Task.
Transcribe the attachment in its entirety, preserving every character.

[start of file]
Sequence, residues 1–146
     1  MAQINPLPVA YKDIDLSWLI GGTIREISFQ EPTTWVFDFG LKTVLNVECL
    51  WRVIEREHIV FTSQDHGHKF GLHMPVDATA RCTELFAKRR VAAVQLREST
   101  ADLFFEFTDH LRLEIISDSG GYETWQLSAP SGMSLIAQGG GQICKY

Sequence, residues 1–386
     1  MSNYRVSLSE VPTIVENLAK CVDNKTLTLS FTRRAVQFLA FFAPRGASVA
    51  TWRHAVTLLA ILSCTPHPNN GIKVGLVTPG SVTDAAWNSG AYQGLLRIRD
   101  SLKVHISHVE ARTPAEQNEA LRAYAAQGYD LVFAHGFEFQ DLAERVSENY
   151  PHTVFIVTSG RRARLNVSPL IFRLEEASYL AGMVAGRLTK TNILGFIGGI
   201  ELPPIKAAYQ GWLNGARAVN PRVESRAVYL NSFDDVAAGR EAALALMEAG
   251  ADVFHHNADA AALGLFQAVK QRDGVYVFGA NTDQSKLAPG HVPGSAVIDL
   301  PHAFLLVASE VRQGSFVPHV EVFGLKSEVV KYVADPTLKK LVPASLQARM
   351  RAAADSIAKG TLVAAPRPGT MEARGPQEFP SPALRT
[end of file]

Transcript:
Sequence, residues 1–146
     1  MAQINPLPVA YKDIDLSWLI GGTIREISFQ EPTTWVFDFG LKTVLNVECL
    51  WRVIEREHIV FTSQDHGHKF GLHMPVDATA RCTELFAKRR VAAVQLREST
   101  ADLFFEFTDH LRLEIISDSG GYETWQLSAP SGMSLIAQGG GQICKY

Sequence, residues 1–386
     1  MSNYRVSLSE VPTIVENLAK CVDNKTLTLS FTRRAVQFLA FFAPRGASVA
    51  TWRHAVTLLA ILSCTPHPNN GIKVGLVTPG SVTDAAWNSG AYQGLLRIRD
   101  SLKVHISHVE ARTPAEQNEA LRAYAAQGYD LVFAHGFEFQ DLAERVSENY
   151  PHTVFIVTSG RRARLNVSPL IFRLEEASYL AGMVAGRLTK TNILGFIGGI
   201  ELPPIKAAYQ GWLNGARAVN PRVESRAVYL NSFDDVAAGR EAALALMEAG
   251  ADVFHHNADA AALGLFQAVK QRDGVYVFGA NTDQSKLAPG HVPGSAVIDL
   301  PHAFLLVASE VRQGSFVPHV EVFGLKSEVV KYVADPTLKK LVPASLQARM
   351  RAAADSIAKG TLVAAPRPGT MEARGPQEFP SPALRT